Alton Brown Talks Turkey Day and His 5-Star Turkey Recipe

by in Food Network Chef, Holidays, November 15th, 2011

Just in time for Thanksgiving, we caught up with Alton Brown and chatted about his plans for the upcoming food-focused holiday.

Speaking of his Turkey Day tradition at home with his family, Alton said, “It’s really simple. Really simple.  I’m not one of those guys who wants to cook for 13 hours and eat for five. So it’s very, very basic stuff.” What exactly is on his menu? “I handle the turkey. There’s some dressing.  My mother-in-law makes a pecan pie. I like Brussels sprouts. And we, like, cook some sweet potatoes, and it’s done.” he said. I bet Alton makes a mean batch of Brussels sprouts.

We also talked with Alton about his Good Eats Roast Turkey (pictured above), Food Network’s most popular turkey recipe, boasting a 5-star rating and more than 3,400 user reviews.

Of that easily brined bird, Alton said, “That turkey is done as well as it’s done because it is repeatable and completely doable.” He assured us that even casual home cooks could approach this recipe with ease. “They’ll have a 97 percent success rate with it because it’s very elemental, and it’s very simple to follow.  There are no mysterious steps in there,” he said. Alton suggests first roasting the bird in a 500 degree F oven for just 30 minutes, to give it perfectly crisp skin of a glowing golden color, before lowering the temperature to 350 degrees F for a few hours to finish cooking the inside. This no-fail method will yield tender, juicy meat time after time.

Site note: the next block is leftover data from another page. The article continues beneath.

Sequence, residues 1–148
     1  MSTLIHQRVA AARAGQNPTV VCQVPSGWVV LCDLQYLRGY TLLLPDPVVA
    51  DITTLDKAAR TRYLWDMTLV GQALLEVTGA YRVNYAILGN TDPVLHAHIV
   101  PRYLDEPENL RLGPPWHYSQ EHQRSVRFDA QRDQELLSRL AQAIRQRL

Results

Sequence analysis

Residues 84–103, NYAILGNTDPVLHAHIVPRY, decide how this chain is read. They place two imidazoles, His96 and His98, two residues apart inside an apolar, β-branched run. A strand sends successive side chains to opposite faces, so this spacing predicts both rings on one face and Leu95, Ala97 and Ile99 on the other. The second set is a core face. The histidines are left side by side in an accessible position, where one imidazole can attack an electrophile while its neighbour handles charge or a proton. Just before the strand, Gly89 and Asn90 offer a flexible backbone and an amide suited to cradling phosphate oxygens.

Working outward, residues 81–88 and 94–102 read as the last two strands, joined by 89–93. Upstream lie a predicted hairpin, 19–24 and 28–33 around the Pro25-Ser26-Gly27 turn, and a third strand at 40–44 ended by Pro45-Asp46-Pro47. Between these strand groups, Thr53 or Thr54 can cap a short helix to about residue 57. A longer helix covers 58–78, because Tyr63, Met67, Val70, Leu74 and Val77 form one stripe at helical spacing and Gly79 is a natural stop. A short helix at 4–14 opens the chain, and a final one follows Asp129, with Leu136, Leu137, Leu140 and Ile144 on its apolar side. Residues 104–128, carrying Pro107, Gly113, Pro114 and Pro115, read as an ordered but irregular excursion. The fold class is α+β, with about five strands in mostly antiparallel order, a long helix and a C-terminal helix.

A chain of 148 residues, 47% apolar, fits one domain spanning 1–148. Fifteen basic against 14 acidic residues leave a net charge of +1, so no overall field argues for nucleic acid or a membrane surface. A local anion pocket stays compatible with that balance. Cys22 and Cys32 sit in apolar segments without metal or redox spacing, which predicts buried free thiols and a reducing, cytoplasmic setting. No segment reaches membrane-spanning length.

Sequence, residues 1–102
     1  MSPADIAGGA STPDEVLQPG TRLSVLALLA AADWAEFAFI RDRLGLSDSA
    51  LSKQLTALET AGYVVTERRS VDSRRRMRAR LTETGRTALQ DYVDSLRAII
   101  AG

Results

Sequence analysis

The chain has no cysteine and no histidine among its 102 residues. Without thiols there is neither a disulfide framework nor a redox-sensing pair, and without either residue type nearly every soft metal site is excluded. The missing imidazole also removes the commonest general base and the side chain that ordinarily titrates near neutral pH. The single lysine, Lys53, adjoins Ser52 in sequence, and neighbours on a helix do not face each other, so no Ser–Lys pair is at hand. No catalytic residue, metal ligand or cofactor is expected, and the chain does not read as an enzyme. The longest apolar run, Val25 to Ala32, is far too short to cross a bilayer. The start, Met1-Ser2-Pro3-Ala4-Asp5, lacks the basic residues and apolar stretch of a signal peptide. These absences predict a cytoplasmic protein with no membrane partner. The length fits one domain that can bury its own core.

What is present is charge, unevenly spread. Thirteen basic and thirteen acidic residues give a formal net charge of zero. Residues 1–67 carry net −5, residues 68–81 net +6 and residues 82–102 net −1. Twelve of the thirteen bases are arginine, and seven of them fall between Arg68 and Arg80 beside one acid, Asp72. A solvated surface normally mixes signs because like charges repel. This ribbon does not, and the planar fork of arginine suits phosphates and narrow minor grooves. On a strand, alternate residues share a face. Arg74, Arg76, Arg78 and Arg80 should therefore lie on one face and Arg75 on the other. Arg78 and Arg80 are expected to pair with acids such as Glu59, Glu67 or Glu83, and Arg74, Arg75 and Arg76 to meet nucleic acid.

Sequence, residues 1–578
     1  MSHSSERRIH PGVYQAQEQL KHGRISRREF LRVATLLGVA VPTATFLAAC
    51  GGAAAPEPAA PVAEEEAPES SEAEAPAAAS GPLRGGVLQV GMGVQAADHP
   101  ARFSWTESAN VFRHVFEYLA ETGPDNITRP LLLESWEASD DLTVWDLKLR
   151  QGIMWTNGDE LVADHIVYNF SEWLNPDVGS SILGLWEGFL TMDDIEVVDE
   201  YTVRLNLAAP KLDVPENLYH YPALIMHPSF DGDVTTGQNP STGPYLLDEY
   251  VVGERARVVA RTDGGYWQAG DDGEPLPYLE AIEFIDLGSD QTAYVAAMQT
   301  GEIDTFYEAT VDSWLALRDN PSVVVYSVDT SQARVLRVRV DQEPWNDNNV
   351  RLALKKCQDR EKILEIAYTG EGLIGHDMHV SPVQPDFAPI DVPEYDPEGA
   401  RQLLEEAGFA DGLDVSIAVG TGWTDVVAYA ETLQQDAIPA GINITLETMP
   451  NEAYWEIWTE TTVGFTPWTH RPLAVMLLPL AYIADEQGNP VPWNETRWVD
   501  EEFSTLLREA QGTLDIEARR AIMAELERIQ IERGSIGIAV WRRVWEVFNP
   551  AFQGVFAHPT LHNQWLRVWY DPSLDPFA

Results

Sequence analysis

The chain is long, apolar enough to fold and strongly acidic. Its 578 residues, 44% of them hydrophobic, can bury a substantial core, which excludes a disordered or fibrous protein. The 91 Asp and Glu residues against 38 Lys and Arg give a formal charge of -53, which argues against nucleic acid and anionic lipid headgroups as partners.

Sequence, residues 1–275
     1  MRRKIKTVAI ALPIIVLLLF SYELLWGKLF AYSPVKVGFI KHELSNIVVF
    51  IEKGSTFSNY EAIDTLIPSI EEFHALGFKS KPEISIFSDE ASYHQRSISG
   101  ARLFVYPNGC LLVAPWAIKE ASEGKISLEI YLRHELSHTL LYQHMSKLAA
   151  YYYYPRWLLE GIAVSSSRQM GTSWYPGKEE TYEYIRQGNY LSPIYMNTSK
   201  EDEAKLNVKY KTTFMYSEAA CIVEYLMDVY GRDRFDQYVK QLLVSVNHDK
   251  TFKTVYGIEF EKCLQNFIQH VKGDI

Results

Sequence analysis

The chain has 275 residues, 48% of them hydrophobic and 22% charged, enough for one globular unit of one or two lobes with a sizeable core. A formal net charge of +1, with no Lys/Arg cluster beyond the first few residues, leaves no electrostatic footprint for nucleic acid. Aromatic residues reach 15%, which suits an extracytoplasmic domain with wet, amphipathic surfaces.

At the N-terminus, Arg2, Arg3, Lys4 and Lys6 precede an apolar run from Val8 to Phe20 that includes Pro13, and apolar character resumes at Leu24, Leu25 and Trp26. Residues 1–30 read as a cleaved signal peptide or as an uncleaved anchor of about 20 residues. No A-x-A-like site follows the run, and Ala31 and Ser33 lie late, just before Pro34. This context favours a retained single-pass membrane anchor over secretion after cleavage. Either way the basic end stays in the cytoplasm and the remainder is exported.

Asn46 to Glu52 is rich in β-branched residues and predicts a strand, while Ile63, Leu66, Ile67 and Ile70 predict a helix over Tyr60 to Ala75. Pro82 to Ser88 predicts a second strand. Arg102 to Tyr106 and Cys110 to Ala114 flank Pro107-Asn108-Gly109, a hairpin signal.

When asked what he can attribute the success of his famed turkey, Alton simply noted, “Turkey freaking rocks.” That is so true, Alton. Well said.

Catch Alton Brown as the host of The Next Iron Chef: Super Chefs on Sunday nights at 9m/8c.


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Comments (16)

  1. Robert goodfellow says:

    I watched the show looks and quality trukey when done

  2. Tom Gilleylen says:

    Alton, we tried the way you cut the breast on Thanksgiving Live by cutting the breast off the keel and then cutting it against the grain. It was great and like that way much better than slicing the breast in thin wide pieces. Thanks for showing how it was done.

  3. Cindy says:

    We will be celebrating Thanksgiving two days late because we have had stomach flu. We have a 23 pound turkey and want to use Alton Brown's recipe. How many hours do you anticipate it will take to cook?

    • Sotello says:

      I would suggest looking for the a temp of 160 in the deepest part of the breast instead of looking for the time. I had done a 20 lb turkey without stuffing and it took a total of 3 hrs15 mins for the it to hit 160 deg f. Then i had let it rest for 30 mins.

  4. Karen says:

    I would like to know why everywhere I search it says the temp for the turkey should be 180-190. But Alton says 165. Why so low? Is that a safe temp? Why are my cookbooks saying 185?

    • jeri says:

      If you cook to 185 the bird comes out DRY, not good! Cooking to 160-165 it stays moist, it will reach 180 while resting and allowing the juices to redistribute. And yes, it's safe, and delish!

  5. jeri says:

    Hope everyone's Thanksgiving was good!

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